Currently, these terms reflect Western values. Cruz said “that
by having the Hawaiian community define the term environment,
the definition will be less intellectual and more about feeling.”
Stephen Kubota of the Ahupua‘a Action Alliance said that
the language used in community outreach should not threaten or
isolate, but be inclusive of all people who make Hawai‘i
Cruz said that Hawaiians view themselves as being a part of the
environment, whereas Westerners see the environment as something
distant and separate. Cruz added, “the role of the Hawaiians
is not to dominate the land, but to serve the land, the water,
everything. The goal is to maintain the land so that it is beneficial
Kubota said that the framework for justice in Hawaiian values
is based on two words – pono (to do what is right) and
aloha. These values are “motivators to do what is right
now and the break the cycle from descending into chaos,” said
Kubota. The goal is to live in balance with the environment so
that the Hawaiians are healthy.
Hawaiians are physically, socially, and emotionally connected
to the (land). If the land is damaged, then the well-being of
the Hawaiians is also damaged,” said Kubota.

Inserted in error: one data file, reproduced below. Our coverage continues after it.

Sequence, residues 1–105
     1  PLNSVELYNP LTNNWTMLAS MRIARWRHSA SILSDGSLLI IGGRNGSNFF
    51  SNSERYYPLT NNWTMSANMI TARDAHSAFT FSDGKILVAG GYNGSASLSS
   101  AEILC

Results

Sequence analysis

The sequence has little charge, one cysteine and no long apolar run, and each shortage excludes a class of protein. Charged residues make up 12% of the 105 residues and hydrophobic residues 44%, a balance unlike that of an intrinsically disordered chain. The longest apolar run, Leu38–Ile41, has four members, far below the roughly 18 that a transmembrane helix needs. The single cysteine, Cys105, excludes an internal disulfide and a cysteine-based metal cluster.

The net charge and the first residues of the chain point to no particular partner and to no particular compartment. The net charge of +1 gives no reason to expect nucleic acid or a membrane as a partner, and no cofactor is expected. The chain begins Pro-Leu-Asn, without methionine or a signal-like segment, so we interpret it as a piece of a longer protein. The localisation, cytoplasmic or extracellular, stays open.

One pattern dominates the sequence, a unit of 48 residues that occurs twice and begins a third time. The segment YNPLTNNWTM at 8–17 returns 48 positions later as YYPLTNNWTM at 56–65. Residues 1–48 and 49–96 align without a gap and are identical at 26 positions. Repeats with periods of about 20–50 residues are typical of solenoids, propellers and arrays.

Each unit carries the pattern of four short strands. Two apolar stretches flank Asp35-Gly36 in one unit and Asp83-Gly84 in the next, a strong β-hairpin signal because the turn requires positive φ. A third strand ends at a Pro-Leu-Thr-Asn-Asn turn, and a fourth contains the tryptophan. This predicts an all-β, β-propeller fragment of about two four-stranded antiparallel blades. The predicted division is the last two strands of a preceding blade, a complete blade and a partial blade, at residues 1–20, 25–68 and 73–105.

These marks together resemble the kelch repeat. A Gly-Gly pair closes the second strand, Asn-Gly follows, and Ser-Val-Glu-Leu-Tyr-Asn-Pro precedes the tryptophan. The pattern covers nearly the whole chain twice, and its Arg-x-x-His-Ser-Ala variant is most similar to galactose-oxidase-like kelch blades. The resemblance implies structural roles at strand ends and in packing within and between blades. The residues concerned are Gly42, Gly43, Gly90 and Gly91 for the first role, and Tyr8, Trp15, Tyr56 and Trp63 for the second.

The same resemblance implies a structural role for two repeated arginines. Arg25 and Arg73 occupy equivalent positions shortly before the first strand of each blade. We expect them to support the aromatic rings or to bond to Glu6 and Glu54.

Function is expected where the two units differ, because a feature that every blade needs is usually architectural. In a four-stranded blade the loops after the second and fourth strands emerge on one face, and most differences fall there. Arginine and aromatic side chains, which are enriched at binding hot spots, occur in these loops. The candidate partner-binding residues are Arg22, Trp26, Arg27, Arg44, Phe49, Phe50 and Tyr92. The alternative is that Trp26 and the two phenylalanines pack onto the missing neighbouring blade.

The key to life in the land is water. As water falls from the
sky into the streams, which then flow into the ocean, “it
is pure and sacred, not to be contaminated,” said Kubota.
He added that in this pure water the Hawaiian women washed their
kids, cooked, and grew their food. Kubota believes that today’s
contaminated waters of Hawai`i are an injustice to the women
and children because they can no longer care for their families
in traditional ways.
So if one were to define environmental justice in Hawai‘i,
Cruz said it would be “the ability of the Hawaiians to
practice their culture in their environment.”
Based on Kubota’s view, Hawaiians should return to their
traditional practices of gathering fish at the shoreline, growing
taro, or planting backyard gardens. Kubota said it is about supporting
yourself and your family. “Aloha spirit gives people hope
so they can do something—so they can bring balance back
into the environment,” said Kubota.
Poetically, Cruz said, “the place should be better for
you having been there. Pick up trash, pull weeds, sing a song,
say a prayer. The world will be better because you were there.”